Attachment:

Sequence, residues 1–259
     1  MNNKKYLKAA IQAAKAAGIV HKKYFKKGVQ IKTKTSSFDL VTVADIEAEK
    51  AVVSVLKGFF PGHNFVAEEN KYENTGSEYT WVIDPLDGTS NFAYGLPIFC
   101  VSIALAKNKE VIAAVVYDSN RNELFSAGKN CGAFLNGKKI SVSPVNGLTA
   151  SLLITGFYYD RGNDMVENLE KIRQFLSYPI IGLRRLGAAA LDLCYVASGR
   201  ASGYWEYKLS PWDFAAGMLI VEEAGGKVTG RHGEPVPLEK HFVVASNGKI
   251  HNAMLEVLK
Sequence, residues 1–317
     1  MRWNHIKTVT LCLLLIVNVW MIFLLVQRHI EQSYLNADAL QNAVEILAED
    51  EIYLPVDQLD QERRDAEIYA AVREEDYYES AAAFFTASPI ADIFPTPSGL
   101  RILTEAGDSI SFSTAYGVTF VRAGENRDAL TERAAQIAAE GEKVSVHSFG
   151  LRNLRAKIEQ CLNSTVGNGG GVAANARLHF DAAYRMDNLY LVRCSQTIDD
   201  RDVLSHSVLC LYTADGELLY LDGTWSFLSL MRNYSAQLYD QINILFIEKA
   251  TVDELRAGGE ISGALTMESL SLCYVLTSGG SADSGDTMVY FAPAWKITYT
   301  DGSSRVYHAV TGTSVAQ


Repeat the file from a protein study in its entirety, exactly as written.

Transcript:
Sequence, residues 1–259
     1  MNNKKYLKAA IQAAKAAGIV HKKYFKKGVQ IKTKTSSFDL VTVADIEAEK
    51  AVVSVLKGFF PGHNFVAEEN KYENTGSEYT WVIDPLDGTS NFAYGLPIFC
   101  VSIALAKNKE VIAAVVYDSN RNELFSAGKN CGAFLNGKKI SVSPVNGLTA
   151  SLLITGFYYD RGNDMVENLE KIRQFLSYPI IGLRRLGAAA LDLCYVASGR
   201  ASGYWEYKLS PWDFAAGMLI VEEAGGKVTG RHGEPVPLEK HFVVASNGKI
   251  HNAMLEVLK
Sequence, residues 1–317
     1  MRWNHIKTVT LCLLLIVNVW MIFLLVQRHI EQSYLNADAL QNAVEILAED
    51  EIYLPVDQLD QERRDAEIYA AVREEDYYES AAAFFTASPI ADIFPTPSGL
   101  RILTEAGDSI SFSTAYGVTF VRAGENRDAL TERAAQIAAE GEKVSVHSFG
   151  LRNLRAKIEQ CLNSTVGNGG GVAANARLHF DAAYRMDNLY LVRCSQTIDD
   201  RDVLSHSVLC LYTADGELLY LDGTWSFLSL MRNYSAQLYD QINILFIEKA
   251  TVDELRAGGE ISGALTMESL SLCYVLTSGG SADSGDTMVY FAPAWKITYT
   301  DGSSRVYHAV TGTSVAQ